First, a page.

4. Roast for about 20 minutes until the sprouts begin to brown on the outside a little. Add the chestnuts and roast for a further 5 minutes.

5. Remove from the oven, toss with the chopped parsley and serve.





1 tbsp olive oil, for oiling
1 tbsp tamari (gluten free) or soy sauce
1 tbsp maple syrup
¼ teaspoon sweet paprika
250g (9oz) cooked peeled chestnuts
1 tsp gluten-free plain flour/rice flour/cornflour
pinch of salt


1. Preheat the oven to 170°C (340°F), Gas Mark 3½. Brush a baking tray with the olive oil.

2. Using a small balloon whisk, whisk the tamari or soy sauce, maple syrup and paprika together in a small bowl, making sure you disperse any clumps of paprika.

3. Put the chestnuts in a large bowl with the flour and salt and toss together. Add the tamari/soy mixture and toss again until each chestnut is well coated.

4. Spread out in a thin layer on the baking tray so that the chestnuts roast evenly. Roast in the oven for 15–20 minutes, stirring occasionally.

5. Remove from the oven and leave to cool. Store in an airtight container in a cool, dry place. They will keep well for weeks.


Truffled Roast Potatoes


Truffled Roast Potatoes (GF)

The truffle oil in this recipe brings a dash of luxury to the simple roast spuds, making them perfect for celebratory meals. Also, the flat leaf parsley really freshens up the flavours. Truffle oils vary hugely in strength, so proceed with caution, adding more or less according to taste.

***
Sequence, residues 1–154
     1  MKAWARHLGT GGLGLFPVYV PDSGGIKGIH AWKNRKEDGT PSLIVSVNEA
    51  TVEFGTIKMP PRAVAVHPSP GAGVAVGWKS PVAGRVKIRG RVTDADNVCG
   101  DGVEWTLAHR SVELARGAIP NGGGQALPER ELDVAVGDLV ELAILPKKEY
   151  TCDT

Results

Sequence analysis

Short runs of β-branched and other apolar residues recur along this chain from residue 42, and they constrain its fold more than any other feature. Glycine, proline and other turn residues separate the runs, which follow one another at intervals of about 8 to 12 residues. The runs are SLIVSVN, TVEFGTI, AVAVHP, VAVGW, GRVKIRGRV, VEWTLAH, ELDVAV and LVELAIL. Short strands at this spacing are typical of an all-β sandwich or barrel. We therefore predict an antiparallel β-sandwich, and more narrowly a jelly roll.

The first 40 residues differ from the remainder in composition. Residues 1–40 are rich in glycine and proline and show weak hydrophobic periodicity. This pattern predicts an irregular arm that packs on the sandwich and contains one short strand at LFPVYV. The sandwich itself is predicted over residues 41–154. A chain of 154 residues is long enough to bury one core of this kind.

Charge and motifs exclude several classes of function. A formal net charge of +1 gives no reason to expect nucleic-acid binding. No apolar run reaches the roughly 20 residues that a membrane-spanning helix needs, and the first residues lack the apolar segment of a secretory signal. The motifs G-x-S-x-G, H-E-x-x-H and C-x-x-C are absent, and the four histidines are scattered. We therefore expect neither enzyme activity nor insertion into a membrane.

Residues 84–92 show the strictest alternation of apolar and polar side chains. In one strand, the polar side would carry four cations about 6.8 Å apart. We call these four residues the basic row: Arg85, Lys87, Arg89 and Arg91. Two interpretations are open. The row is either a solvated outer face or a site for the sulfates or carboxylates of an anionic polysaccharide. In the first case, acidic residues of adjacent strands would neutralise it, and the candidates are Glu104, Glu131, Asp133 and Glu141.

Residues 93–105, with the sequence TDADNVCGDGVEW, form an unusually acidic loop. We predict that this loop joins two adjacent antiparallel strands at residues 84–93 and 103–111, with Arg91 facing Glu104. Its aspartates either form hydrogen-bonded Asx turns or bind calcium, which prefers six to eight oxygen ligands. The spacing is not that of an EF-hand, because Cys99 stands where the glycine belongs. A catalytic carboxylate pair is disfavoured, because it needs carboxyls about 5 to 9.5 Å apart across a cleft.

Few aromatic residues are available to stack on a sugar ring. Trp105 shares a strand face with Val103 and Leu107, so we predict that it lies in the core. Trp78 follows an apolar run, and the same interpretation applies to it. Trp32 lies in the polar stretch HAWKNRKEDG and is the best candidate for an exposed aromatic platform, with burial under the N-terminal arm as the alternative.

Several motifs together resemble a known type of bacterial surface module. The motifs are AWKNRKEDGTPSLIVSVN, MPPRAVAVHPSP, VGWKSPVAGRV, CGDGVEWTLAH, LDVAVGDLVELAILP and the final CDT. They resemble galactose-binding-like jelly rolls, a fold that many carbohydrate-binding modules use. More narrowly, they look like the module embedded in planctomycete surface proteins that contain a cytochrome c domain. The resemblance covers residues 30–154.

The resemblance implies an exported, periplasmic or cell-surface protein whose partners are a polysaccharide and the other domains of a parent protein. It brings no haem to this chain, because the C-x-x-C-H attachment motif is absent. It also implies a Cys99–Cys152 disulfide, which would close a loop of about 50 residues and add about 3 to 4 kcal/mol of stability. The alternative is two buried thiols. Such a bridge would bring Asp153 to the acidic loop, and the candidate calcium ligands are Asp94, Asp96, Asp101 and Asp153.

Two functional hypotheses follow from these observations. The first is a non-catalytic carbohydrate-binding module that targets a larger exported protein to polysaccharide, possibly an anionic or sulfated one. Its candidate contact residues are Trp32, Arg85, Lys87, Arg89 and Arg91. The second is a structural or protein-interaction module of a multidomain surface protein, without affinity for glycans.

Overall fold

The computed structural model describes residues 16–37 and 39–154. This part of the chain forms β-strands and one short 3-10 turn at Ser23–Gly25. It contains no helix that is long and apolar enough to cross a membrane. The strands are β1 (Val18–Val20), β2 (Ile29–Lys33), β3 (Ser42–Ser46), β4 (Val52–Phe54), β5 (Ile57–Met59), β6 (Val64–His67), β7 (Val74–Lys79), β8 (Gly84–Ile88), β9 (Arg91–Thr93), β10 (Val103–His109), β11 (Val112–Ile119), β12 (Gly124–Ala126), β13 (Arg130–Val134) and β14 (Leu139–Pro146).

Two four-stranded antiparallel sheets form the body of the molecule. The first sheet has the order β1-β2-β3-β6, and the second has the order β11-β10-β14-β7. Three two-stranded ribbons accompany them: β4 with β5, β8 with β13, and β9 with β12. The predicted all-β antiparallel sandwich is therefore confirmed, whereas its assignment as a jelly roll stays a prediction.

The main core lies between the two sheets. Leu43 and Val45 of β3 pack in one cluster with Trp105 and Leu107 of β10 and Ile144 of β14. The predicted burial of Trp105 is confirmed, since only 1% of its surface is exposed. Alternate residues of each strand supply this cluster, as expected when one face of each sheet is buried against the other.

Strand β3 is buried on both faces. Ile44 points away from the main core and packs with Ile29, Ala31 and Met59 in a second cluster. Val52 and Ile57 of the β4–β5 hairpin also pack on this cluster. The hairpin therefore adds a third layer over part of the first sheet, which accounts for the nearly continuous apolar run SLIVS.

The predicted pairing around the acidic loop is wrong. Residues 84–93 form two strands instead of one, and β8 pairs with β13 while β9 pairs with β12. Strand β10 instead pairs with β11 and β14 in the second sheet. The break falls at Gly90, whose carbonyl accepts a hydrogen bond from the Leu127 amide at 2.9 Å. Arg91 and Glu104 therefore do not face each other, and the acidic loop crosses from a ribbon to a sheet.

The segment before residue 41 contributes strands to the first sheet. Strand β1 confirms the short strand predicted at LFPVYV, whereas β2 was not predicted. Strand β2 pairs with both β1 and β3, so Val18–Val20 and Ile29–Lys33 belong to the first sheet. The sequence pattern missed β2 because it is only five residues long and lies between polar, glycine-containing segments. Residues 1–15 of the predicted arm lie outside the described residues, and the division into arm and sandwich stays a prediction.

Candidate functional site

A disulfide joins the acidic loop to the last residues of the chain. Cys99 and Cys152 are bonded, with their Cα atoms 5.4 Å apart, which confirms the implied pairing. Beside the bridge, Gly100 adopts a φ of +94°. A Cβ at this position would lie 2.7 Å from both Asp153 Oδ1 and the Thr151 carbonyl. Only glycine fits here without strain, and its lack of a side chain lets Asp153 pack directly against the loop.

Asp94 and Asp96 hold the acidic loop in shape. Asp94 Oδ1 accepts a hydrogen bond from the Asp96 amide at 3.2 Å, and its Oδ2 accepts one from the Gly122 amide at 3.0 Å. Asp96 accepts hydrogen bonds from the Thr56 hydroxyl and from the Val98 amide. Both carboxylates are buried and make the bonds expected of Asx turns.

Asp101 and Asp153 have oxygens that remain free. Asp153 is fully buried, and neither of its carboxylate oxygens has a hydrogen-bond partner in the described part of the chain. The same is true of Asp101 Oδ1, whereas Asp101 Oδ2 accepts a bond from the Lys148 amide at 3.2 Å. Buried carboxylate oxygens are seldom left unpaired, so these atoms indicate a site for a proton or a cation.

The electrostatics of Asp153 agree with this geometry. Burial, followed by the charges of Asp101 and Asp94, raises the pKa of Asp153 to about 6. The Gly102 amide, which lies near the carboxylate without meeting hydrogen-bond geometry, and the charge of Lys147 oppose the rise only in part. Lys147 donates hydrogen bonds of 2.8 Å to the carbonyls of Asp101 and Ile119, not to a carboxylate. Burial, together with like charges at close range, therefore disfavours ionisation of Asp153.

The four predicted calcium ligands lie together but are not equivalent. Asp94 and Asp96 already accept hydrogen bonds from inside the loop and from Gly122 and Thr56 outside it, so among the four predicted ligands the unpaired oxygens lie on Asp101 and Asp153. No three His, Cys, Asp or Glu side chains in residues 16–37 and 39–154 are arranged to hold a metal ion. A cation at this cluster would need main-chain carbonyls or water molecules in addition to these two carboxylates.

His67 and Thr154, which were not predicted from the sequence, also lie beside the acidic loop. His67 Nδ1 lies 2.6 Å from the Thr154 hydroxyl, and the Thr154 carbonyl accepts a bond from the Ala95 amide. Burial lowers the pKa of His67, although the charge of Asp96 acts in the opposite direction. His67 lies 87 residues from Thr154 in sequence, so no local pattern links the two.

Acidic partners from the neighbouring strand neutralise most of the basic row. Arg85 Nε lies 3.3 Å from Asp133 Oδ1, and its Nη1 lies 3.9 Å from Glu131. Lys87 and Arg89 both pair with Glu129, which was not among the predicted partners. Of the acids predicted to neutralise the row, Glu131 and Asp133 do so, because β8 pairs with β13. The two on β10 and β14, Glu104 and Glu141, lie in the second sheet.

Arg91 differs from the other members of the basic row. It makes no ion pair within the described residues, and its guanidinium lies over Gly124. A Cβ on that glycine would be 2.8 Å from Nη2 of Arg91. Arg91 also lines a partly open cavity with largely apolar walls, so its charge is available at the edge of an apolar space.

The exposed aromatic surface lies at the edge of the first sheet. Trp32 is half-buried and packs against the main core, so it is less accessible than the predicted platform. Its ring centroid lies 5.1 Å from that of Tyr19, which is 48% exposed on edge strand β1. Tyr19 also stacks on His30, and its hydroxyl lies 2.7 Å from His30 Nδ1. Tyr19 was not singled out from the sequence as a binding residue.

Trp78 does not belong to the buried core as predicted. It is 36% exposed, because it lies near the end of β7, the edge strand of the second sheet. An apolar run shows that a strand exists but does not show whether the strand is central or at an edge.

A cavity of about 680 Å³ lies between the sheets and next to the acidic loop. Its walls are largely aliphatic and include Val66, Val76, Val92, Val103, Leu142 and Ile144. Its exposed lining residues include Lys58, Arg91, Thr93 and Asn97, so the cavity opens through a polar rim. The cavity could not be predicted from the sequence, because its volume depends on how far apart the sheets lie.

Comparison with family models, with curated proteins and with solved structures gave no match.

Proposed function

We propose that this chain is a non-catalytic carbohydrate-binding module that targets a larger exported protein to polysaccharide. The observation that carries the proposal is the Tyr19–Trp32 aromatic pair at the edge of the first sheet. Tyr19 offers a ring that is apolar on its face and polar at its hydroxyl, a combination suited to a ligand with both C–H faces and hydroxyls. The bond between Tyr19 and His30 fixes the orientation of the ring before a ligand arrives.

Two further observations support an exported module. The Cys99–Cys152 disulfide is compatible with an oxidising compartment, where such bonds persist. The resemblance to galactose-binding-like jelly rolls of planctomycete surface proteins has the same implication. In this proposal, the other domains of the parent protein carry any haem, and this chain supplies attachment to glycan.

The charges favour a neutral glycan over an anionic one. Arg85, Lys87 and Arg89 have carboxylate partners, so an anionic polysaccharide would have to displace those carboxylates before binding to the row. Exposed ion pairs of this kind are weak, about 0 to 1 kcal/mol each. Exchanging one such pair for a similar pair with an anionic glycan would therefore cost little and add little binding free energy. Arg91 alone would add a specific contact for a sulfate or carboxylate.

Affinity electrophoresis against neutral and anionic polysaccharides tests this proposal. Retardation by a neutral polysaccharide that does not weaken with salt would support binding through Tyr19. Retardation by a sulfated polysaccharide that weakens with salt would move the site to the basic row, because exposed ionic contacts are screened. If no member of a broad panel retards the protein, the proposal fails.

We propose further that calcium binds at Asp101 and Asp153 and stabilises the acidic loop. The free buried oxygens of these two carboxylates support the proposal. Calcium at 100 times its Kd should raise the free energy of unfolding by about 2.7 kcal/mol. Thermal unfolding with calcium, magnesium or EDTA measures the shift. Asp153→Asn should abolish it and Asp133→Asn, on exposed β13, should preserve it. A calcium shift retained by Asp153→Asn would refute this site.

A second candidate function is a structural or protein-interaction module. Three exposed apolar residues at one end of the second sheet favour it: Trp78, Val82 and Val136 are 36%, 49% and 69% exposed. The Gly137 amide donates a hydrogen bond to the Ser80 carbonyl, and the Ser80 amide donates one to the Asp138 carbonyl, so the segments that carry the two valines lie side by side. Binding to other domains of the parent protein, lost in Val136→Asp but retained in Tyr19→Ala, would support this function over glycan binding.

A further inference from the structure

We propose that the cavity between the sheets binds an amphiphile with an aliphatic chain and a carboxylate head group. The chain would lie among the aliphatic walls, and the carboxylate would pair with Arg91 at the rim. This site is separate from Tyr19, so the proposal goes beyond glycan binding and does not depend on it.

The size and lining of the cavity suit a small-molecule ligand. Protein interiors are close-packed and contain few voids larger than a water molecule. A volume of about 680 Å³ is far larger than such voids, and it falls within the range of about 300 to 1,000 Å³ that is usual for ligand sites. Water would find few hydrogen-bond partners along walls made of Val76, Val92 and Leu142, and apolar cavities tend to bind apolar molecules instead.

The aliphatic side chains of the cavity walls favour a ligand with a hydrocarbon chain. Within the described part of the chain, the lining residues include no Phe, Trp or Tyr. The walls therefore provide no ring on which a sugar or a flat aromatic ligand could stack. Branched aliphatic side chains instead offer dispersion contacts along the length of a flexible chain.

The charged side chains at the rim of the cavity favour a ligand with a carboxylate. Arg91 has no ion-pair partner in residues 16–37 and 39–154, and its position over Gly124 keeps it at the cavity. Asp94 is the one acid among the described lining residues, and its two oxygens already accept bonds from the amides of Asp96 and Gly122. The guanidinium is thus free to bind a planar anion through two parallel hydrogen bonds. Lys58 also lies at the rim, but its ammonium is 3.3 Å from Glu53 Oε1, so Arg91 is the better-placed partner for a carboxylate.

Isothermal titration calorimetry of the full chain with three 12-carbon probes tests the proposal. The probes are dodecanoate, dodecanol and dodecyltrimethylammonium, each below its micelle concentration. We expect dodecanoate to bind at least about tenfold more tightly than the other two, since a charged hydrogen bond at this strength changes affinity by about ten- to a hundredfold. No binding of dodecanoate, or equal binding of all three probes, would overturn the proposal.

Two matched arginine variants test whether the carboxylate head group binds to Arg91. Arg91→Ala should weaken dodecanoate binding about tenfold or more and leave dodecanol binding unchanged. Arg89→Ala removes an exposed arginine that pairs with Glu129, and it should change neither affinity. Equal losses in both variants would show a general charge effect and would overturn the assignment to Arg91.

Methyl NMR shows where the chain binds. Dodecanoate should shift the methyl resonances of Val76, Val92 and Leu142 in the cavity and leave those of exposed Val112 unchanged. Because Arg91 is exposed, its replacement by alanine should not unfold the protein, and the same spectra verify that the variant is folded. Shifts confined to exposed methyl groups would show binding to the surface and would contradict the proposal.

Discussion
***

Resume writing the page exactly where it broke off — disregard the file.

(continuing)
700g (1lb 9oz) peeled roasting potatoes (such as Rooster, Desiree or Maris Piper), cut into quarters or large chunks
½ tsp salt
50ml (2fl oz) light olive oil
3 sprigs of rosemary, leaves picked
1 whole garlic bulb with skin on, cut in half horizontally
20g (¾oz) flat leaf parsley, chopped
3–4 tsp truffle oil
sea salt flakes


1. Preheat the oven to 200°C (400°F), Gas Mark 6 and put an oven tray in to heat up.

2. Put the potatoes in a large saucepan with enough water to cover and the salt, bring to the boil and parboil for 7–8 minutes. Drain in a colander and leave to air-dry. Toss the potatoes about in the colander to rough them up slightly so that they absorb some of the oil while roasting.

3. Put the potatoes in a bowl with the oil, rosemary and garlic and toss to combine, making sure they are coated evenly in the oil and herbs.

4. Remove the hot baking tray from oven and spread the potatoes out evenly on the tray. Roast for 25–30 minutes until golden, crispy and fully cooked.

5. Remove from the oven and return the potatoes to the bowl. Add the chopped parsley, sprinkle with sea salt flakes and drizzle with the truffle oil. Toss until well combined and serve.


Recipes courtesy of Mildreds Vegan Cookbook by Dan Acevedo & Sarah Wasserman. Published by Mitchell Beazley, £25. Photography by Matt Russell